According to a 2014 statistic report by the American Society of Plastic Surgeons, The number one type of cosmetic surgery was liposuction (363,912) followed by breast augmentation (313,327), which held the top spot in 2013.
There has always been some controversy around breast implants. It’s not about whether they are dangerous or not (they usually aren’t, although can be), but it’s usually about a moral dilemma.
Are implants setting unrealistic body goals? Are they damaging or helping women’s self-esteem? Won’t someone think of the children?
So let’s have an open discussion about breast implants.
There are risks when under going any type of surgery, cosmetic or not. When it comes to breast augmentation, there has been many different horror stories about waking up post-op and either getting the wrong size of implants, one breast is larger than the other, horrible scarring and plenty of others problems.
There’s really nothing to discuss here. While it can be cited as a reason not to get breast implants (which it definitely is), complications can arise from any type of surgery. It really just comes down to having a properly trained professional, who has experience and a great track record.
While I would agree it does set somewhat of an unrealistic body image for women, it’s really only a small symptom of a greater body image issue being perpetuated by the media. If you see a woman walking down the street, you typically won’t obsess over the way she looks, like you would while looking at one of your favorite celebrities.
Most women and even men want to look like their favorite celebrities. Whether you or someone you know has breast implants, it doesn’t affect everyone else in society as much as celebrities being photoshopped to the most unrealistic proportions.
This is a very tricky topic and it’s hard to say with certain, whether or not breast implants improve self-esteem or if it’s only a bandage solution. There has been a study published by the Annals of Plastic Surgery, that links breast implants with suicide.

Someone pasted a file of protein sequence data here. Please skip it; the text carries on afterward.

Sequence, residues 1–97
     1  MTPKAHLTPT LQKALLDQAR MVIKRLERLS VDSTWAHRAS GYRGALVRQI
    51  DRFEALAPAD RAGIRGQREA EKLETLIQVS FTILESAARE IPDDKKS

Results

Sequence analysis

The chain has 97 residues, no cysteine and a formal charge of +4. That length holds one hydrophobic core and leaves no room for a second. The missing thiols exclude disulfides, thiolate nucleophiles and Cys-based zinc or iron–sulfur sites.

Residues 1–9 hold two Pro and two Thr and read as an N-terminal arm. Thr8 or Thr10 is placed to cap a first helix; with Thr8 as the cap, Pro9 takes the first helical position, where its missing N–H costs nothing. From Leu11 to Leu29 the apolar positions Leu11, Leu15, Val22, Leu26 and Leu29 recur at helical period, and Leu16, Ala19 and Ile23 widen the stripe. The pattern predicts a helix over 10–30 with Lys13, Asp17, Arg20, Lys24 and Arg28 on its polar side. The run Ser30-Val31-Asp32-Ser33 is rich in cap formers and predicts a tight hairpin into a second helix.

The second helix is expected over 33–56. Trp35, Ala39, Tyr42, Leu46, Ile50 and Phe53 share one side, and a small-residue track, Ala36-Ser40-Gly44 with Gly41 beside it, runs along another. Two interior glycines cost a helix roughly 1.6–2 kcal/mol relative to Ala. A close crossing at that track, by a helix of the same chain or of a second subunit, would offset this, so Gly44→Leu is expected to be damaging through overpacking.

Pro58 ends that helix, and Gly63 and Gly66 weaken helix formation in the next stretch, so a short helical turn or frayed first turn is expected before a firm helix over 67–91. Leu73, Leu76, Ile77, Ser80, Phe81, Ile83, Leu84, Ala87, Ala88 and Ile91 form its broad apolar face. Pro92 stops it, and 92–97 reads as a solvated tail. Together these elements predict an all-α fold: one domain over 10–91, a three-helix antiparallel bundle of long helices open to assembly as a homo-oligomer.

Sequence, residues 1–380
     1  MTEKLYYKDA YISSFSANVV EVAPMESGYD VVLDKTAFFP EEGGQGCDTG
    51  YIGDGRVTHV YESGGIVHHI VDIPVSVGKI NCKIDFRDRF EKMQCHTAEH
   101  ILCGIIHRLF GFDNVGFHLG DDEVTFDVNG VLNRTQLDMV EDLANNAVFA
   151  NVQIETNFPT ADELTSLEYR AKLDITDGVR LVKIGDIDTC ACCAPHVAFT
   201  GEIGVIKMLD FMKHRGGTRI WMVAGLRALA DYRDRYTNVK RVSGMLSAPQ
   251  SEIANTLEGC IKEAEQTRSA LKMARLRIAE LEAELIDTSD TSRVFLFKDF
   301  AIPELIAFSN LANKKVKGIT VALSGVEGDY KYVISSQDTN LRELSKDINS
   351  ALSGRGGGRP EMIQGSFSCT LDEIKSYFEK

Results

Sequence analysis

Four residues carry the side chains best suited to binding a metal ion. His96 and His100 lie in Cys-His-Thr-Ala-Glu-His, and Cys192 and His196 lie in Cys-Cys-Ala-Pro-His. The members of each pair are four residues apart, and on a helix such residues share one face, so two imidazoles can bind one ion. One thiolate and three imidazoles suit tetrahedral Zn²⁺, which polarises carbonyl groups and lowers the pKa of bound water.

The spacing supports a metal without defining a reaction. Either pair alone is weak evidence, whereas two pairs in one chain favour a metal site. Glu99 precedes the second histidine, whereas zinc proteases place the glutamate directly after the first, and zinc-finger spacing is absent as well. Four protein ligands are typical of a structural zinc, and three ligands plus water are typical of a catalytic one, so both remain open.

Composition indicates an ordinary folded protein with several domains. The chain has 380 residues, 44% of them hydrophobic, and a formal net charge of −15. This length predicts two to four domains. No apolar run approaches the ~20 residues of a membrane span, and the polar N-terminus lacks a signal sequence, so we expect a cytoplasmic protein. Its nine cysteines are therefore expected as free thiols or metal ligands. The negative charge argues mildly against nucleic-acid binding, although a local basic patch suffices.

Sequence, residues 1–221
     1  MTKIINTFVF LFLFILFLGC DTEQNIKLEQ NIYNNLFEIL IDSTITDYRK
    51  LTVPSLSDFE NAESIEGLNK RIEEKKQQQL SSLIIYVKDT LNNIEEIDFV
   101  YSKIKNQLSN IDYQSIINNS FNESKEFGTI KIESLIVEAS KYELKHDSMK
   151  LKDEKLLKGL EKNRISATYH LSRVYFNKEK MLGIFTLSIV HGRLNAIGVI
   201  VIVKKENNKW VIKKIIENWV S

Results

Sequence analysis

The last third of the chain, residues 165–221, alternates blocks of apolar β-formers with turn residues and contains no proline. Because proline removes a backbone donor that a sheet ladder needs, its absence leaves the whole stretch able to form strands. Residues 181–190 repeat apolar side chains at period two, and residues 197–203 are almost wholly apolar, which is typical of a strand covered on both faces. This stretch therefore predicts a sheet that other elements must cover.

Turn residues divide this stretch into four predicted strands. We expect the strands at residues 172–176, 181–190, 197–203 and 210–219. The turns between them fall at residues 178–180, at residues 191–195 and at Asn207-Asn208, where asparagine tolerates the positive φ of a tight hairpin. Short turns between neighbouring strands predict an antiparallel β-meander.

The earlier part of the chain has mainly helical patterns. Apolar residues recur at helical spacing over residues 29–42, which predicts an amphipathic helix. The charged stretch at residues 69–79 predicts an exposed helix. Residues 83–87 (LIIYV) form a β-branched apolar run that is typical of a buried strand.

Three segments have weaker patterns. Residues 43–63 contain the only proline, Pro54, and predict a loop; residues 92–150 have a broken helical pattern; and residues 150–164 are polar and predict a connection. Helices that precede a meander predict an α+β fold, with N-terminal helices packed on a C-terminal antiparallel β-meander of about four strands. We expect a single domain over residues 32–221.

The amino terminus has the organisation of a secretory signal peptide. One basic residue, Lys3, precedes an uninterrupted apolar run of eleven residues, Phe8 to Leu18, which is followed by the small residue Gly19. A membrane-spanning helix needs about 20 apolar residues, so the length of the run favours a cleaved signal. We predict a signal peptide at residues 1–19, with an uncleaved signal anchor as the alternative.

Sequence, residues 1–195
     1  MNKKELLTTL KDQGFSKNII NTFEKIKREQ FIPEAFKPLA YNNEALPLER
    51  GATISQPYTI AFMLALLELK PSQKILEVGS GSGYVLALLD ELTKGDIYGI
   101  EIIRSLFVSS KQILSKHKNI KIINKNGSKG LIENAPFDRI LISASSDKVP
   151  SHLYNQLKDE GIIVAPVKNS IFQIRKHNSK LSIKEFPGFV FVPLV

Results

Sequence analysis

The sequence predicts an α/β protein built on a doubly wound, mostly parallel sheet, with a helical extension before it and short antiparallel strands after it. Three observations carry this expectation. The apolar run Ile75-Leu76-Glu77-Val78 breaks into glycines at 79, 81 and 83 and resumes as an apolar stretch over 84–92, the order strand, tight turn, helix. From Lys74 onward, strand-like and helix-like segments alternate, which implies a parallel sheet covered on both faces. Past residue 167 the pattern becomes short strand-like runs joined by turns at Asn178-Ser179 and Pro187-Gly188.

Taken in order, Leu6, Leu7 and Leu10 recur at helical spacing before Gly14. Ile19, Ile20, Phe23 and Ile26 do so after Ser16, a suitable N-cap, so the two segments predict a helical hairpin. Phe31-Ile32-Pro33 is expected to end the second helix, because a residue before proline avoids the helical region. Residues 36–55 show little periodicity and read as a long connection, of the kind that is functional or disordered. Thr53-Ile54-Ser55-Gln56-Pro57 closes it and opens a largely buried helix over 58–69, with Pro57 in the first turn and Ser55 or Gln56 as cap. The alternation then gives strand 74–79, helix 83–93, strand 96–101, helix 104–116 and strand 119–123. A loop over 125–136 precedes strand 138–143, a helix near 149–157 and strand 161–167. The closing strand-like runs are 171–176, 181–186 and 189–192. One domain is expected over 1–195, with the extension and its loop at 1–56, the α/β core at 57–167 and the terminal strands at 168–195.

Although, the study cannot directly link the suicides were caused by breast augmentations, only that the women had breast implants. Loren Lipworth from Vanderbilt University Medical Center, believes some women who undergo augmentation may have psychiatric problems to begin with, that may be linked to body image disorders.
On the flip side, there are several studies that cite, breast augmentation were able to provide immediately noticeable boosts in self-esteem.
You can sit on a high horse and say all breast augmentation surgeries are terrible exercises in vanity and that you should be happy with the way you were made. What about situations where they aren’t done for strictly cosmetic reason but rather for normality?
Micromastia is a medical condition, that is essential the underdevelopment of breast tissue for women in either one or both breasts. There’s no exact term or definition to what a “normal” breast size, but micromastia can vary from no breasts tissue what so ever to what a woman thinks is normal for her body.
Mastectomy or double mastectomy are common treatments to prevent or treat breast cancer. Breast augmentations are the only way to return a woman’s breast to their natural size in this situation and is the much more favored option, than having only one or no breasts at all.
We also live in a time where more light has been shed on transgendered individuals. A male who is going through sex reassignment surgery would need to have breast augmentations to complete their transformation.
Would it surprise you to know that in a previous study by the American Society of Plastic Surgeons, the largest group of women to get breast implants were between the ages of 30 – 39?
This is because women of that age range are just getting past their childbearing years. Their breasts lose their volume and sometimes shape and the only way to correct it is with breast augmentation. These women aren’t necessarily getting bigger breasts, they’re just returning them to the way they remember them.
We can all have preconceived notions about breast augmentations, but that doesn’t mean we’re right or wrong in our opinions. Most of us could agree on the fact that, there is an unrealistic standard for body images in the media.
Whether breast augmentation is the cause or only a by-product of those images can still be debated. As stated, there are some real legitimate reasons for augmentation, they aren’t stickily cosmetic per se.
What an individual decides to do with their body is entirely up to them. You can’t push your values or beliefs on someone else and there’s no way to know how a person really thinks or feels about themselves.
However, if you are considering breast augmentation, you need to be confident in knowing why you’re doing it and not looking at it as a solution to all of life’s problems.